August 20, 2014

Bisnow Panels Say Atlanta’s Industrial Sector Is on the Mend


(Above, from left: Summey Orr, Greg Bradley, Mark Dishaw, Tom Cobb and Paul Little)

Yesterday morning, Hartman Simons partner Summey Orr moderated one of two panel discussions at Bisnow’s 5thAnnual Atlanta Industrial Real Estate Summit, which provided a comprehensive and engaging look at the metro area’s improving industrial market.

Orr’s panel included Greg Bradley of Prologis, Tom Cobb of Oakmont Industrial Group, Mark Dishaw of Trammell Crow Co. and Paul Little of Alston Construction.

The other panel, moderated by Chuck Warbington of the Gwinnett Village Community Improvement District, featured Larry Callahan of Pattillo Industrial Real Estate, Alan Pontius of Marcus & Millichap, Jeff Small of MDH Partners and Lisa Ward of DCT Industrial.

Below are some of the highlights of the points made during yesterday’s event:

Rising Costs. Panelists repeatedly remarked on the Atlanta industrial sector’s growing strength and healthy supply-demand balance. One note of caution: rising supply costs and a shortage of skilled labor could dampen future development, both Cobb and Little noted.

The labor shortage is forcing some construction firms to overpay for project managers and superintendents, Little said.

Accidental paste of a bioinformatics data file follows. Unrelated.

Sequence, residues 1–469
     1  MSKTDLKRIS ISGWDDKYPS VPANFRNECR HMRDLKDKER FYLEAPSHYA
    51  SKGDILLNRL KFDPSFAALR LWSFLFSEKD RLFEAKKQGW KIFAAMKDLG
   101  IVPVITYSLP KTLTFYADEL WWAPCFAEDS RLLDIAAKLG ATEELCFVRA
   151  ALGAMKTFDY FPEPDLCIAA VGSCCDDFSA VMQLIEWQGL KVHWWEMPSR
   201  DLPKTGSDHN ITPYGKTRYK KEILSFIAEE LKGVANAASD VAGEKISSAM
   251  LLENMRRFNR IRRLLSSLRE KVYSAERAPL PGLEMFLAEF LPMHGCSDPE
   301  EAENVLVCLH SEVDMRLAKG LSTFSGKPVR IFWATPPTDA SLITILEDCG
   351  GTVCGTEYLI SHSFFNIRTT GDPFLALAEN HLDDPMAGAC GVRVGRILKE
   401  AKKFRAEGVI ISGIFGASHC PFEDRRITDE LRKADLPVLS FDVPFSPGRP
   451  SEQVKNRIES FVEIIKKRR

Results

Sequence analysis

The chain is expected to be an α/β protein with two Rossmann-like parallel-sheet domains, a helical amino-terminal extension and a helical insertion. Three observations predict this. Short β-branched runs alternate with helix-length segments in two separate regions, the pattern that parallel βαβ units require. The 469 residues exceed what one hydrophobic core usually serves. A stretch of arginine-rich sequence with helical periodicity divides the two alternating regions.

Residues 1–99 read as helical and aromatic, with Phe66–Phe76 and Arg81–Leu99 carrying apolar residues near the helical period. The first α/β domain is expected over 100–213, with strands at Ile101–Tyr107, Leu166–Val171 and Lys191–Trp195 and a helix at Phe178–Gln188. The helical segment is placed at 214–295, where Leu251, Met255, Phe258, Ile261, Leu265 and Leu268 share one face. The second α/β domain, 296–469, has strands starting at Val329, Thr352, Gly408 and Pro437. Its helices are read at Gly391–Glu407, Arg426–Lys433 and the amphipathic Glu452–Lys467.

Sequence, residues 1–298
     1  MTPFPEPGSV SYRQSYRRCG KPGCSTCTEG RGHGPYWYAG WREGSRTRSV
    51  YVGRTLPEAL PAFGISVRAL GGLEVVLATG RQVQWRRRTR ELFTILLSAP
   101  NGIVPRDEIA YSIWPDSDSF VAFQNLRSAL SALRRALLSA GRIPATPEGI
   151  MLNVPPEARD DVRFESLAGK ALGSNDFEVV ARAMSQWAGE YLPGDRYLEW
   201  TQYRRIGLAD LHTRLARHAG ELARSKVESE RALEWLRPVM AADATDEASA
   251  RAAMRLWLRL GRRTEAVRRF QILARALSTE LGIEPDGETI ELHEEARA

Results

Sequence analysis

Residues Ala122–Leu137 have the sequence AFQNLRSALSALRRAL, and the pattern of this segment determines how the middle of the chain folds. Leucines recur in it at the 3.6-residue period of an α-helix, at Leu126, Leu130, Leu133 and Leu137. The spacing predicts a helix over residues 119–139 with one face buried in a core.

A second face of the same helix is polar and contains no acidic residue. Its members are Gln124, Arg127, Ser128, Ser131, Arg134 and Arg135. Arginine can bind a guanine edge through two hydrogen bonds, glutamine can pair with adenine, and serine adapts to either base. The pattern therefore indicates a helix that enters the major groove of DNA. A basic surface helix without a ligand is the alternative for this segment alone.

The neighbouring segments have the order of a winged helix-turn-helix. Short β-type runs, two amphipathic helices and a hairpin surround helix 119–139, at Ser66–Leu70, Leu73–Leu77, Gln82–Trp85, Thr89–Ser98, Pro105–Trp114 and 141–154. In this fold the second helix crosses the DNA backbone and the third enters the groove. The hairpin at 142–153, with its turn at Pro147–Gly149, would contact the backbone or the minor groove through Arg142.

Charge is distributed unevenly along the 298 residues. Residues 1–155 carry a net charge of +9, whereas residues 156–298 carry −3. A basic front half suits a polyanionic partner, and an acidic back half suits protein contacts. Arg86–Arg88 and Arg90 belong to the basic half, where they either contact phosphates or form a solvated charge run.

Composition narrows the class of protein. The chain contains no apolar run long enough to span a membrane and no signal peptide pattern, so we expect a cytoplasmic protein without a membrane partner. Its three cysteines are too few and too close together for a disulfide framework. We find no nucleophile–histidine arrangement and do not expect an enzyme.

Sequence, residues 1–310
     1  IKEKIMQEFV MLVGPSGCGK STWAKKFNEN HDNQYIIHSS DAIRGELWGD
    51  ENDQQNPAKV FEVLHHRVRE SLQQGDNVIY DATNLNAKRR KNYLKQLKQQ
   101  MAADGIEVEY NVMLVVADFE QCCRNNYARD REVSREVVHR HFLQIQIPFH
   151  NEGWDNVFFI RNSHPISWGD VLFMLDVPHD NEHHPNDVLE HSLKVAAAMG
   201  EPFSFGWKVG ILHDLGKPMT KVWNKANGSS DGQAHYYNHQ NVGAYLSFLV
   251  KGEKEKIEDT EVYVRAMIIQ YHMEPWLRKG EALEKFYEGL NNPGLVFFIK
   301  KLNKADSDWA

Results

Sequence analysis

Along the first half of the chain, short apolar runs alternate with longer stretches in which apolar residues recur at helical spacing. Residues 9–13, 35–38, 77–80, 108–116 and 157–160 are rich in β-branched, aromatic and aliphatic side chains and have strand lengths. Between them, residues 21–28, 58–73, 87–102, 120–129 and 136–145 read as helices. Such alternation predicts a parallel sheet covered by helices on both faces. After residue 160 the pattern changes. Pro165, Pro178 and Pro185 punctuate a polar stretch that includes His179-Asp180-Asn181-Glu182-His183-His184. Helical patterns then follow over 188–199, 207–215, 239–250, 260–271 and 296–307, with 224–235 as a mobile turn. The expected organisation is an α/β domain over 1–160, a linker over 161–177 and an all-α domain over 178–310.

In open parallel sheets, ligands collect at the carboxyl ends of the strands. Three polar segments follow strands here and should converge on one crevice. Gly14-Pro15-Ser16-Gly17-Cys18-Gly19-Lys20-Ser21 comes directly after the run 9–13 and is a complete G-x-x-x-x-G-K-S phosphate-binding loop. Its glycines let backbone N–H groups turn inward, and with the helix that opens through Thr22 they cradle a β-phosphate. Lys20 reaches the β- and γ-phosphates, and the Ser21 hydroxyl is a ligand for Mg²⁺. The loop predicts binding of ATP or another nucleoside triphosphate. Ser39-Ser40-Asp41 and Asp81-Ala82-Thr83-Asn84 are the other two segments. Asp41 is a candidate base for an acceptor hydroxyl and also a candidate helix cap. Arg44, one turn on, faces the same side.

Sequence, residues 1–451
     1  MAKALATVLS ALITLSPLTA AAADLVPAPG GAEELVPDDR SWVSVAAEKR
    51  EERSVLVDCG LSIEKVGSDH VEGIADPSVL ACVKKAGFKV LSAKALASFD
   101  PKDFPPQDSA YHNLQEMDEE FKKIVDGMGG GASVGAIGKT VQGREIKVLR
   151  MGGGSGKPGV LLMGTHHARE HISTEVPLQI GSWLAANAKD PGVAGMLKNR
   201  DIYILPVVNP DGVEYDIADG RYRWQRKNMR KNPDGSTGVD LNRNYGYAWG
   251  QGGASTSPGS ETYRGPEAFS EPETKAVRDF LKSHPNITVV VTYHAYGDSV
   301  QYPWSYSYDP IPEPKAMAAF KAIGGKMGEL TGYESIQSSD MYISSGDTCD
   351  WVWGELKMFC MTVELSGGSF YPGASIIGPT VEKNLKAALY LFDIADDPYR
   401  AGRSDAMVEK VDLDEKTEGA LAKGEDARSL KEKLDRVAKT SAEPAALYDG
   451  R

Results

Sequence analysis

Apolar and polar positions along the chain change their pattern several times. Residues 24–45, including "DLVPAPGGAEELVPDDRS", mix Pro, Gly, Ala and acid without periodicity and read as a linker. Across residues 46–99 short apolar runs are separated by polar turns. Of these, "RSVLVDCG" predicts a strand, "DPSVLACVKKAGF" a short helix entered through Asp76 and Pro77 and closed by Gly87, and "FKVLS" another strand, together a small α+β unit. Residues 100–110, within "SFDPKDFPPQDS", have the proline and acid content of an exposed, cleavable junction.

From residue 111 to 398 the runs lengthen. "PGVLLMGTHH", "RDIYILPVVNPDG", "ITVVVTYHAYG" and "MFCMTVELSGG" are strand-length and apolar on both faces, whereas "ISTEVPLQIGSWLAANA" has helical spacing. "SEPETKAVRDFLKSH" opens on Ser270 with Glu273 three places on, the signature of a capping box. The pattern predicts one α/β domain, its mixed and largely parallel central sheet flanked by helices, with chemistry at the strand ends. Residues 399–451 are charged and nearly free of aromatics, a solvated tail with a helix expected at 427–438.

New Stadiums Rising. On a related note, panelists also noted that construction of the new Falcons and Braves stadiums could further dwindle the labor pool available for new industrial projects. However, “I hope that [the two stadiums] become a positive by drawing more people into the labor market,” Bradley said.

A Strong Recovery. Despite the cautionary observations about material and labor costs, the panelists overall were bullish on the metro area’s industrial sector.

“This is a very deep and broad industrial market,” Pontius said. “There is significant demand across the board. It’s deeper than just the big-box space.”

“Everybody’s focused on e-commerce, but it isn’t the only driver,” Callahan, who at one point noted Atlanta is in the “early innings” of its industrial recovery, added. “There’s food, shelter, appliances and medicine.”

A Healthy Mix. The recovering industrial market has been fueled by a combination of home-grown tenants and relocations, Ward noted. “We’ve seen a lot of organic growth [from Atlanta companies], and we’ve seen companies coming in from out of town,” she said. “

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